We’d made it a little over half-way back when the heavens opened. This wasn’t just a little shower; it wasn’t a passing storm. It rained. And rained. And rained. Fortunately my waterproof jacket was roomy enough to be able to zip up over my camera, and the hood was big enough to shelter my face from the huge droplets of water leaking from the sky. We ran on parts of the path that it was safe to do so, and walked snugly beside the overhanging rock face wherever possible. Subsequently, one by one, we all converged at the cafe near to Puente Poncebos, and warmed our hands on mugs of hot chocolate, watching the rain rapidly creating puddles outside, torrents of water being washed down the channels of the tarmac road.
Day 6: Following in the footsteps of Miners
For our final hike in the area, we would follow an old miner’s track in Andarra (the Eastern Massif). For over a hundred years, mining was an important activity in this region, and its presence can still be seen by a network of tracks laid out across the mountain, many of which are ideal for walking along.
We began the walk on wide but uneven tracks, through farming pastures, the land decorated with plentiful clumps of heather and dotted with farming huts. We heard the cows before we saw them, the cowbells around their necks signalling their whereabouts on the nearby farmland. I love the sound of cowbells, there’s something quite relaxing and uplifting about wandering through a landscape where their sound travels gently on the passing breeze.
The next part of the route was a gradual but continual climb, initially through beech forests, before the scenery opened out, offering views over Karstic formations out towards the coast. This part of the climb was reminiscent of our hike up to Naranjo de Bulnes, and similarly this one became more difficult the farther up we climbed. Once again, we found ourselves leaving the clouds down below us as we continued our ascent to Andea Col, 1850 metres above sea level.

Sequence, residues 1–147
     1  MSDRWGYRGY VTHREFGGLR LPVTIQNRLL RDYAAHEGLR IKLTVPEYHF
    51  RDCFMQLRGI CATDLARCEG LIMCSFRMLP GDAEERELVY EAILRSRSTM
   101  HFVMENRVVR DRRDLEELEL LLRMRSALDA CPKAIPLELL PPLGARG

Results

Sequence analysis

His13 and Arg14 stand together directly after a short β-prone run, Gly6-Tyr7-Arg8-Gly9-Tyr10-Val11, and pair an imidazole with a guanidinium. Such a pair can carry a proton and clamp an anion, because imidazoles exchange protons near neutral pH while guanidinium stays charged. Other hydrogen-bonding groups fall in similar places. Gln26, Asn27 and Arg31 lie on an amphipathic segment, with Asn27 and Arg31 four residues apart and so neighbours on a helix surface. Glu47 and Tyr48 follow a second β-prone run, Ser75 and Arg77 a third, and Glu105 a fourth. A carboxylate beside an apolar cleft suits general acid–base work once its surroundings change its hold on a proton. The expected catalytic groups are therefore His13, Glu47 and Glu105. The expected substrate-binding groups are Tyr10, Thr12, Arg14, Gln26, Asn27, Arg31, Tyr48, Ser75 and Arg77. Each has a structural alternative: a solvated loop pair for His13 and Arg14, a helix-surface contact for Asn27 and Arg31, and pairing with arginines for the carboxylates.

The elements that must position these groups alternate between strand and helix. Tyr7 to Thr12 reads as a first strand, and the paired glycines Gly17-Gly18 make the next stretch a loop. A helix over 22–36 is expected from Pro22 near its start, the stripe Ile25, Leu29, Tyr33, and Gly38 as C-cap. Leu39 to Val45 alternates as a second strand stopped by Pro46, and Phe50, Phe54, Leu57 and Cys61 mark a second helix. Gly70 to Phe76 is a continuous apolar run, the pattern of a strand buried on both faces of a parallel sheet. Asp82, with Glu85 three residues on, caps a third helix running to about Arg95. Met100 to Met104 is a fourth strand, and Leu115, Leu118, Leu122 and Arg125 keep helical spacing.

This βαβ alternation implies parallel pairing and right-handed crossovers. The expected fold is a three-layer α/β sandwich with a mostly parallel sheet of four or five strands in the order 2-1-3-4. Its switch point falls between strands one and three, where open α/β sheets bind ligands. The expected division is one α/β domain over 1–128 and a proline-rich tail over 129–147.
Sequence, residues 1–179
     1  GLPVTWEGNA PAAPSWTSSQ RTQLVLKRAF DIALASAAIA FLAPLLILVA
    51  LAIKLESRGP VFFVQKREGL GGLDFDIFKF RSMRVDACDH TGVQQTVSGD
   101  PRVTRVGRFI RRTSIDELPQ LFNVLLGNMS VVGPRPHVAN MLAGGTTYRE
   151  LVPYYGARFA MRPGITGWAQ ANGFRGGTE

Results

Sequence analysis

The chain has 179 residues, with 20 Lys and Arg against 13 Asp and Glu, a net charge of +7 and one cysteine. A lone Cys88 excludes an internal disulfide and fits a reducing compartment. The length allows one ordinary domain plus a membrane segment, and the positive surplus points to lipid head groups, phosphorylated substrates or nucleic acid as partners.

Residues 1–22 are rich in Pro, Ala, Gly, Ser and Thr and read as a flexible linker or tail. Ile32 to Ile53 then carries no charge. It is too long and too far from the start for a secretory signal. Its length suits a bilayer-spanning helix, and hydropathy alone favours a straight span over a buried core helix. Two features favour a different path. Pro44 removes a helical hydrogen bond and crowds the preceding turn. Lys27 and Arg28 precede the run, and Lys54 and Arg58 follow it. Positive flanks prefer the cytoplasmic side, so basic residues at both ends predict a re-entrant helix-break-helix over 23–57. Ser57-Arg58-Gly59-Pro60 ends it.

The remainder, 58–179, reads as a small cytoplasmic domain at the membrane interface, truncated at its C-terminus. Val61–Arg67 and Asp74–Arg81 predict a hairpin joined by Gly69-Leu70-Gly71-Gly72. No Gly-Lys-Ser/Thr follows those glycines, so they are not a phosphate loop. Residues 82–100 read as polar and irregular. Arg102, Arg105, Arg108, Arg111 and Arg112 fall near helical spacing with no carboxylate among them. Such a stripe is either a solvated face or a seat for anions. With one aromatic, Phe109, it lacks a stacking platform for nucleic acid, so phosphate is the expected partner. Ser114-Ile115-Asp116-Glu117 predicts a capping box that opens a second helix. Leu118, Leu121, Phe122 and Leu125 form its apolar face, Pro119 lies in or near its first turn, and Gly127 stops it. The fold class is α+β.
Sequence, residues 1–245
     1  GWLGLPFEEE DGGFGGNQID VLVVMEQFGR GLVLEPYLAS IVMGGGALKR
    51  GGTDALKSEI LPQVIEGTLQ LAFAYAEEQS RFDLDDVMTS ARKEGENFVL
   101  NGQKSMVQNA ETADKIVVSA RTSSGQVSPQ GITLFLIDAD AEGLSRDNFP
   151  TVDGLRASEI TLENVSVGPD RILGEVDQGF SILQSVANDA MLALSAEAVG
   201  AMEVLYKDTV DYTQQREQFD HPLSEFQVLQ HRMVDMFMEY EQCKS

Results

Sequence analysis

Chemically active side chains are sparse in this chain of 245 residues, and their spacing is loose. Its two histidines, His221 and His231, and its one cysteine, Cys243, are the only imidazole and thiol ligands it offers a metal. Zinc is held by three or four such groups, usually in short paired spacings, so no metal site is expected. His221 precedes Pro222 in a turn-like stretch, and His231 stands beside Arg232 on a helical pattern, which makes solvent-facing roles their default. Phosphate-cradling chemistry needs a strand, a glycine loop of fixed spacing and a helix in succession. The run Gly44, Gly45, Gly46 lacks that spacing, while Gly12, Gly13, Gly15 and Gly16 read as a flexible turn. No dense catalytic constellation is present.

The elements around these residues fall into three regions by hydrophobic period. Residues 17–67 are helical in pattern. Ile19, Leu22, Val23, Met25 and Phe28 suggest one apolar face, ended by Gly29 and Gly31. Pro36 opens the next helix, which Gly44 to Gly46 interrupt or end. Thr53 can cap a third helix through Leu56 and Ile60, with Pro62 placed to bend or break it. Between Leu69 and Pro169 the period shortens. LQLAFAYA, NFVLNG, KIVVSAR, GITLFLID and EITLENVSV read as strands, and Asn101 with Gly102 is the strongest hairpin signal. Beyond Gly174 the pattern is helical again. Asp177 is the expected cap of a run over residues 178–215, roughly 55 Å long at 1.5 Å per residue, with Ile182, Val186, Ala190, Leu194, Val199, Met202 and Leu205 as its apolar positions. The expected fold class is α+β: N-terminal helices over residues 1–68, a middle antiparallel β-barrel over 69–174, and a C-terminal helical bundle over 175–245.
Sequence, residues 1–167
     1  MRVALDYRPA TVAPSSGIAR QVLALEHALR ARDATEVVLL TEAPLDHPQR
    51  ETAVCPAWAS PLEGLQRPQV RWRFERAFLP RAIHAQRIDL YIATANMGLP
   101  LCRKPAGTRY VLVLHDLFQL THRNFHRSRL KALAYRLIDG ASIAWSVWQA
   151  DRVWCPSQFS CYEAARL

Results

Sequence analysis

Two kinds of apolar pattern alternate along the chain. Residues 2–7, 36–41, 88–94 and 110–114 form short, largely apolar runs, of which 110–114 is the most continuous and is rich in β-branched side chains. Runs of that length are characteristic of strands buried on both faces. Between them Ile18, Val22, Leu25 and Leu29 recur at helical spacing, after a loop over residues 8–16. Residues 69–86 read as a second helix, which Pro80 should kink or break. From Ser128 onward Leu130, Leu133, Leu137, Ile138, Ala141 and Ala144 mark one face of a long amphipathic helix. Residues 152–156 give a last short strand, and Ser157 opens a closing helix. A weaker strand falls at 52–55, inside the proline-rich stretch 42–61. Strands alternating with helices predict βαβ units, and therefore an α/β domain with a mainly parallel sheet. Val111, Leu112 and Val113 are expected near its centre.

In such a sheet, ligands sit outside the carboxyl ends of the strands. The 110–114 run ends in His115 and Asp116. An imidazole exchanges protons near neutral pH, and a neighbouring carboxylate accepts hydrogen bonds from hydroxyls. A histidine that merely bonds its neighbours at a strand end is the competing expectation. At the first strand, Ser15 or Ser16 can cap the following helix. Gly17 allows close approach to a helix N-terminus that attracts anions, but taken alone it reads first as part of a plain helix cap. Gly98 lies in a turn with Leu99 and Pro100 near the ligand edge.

To think that miners walked these tracks every day, was humbling. To remember that they walked these tracks without the help of walking boots or poles, and in a myriad of weather conditions, was admirable. I had no excuse. I was walking this path because I’d chosen to. I was walking this path because I was in awe of the scenery I’d witnessed over the past 7 days, and I simply couldn’t get enough of the dramatic panoramas that constantly surrounded me. I was walking this path because the physical challenges I’d pushed my way through so far had been liberating, uplifting, and rewarding.
All of those thoughts spurred me on, as my legs were weakening, as I struggled to regulate my breathing, and as every muscle in my body was begging me to rest. The stony track gradually disappeared below my feet, and ahead of me lay the task of picking the best route over a terrain of varying sized rocks that had embedded themselves in the ground beneath. The land became so steep that the last part of the climb was little more than a clumsy scramble up to the top. At this point I wasn’t really aware of how far behind my fellow hikers were, and it wasn’t important. This was my time, my challenge, and I wasn’t going to stop until I’d beaten this mountain; until I was close enough to touch the statue of a robed Jesus, which signified the peak of the mighty Aldea Col.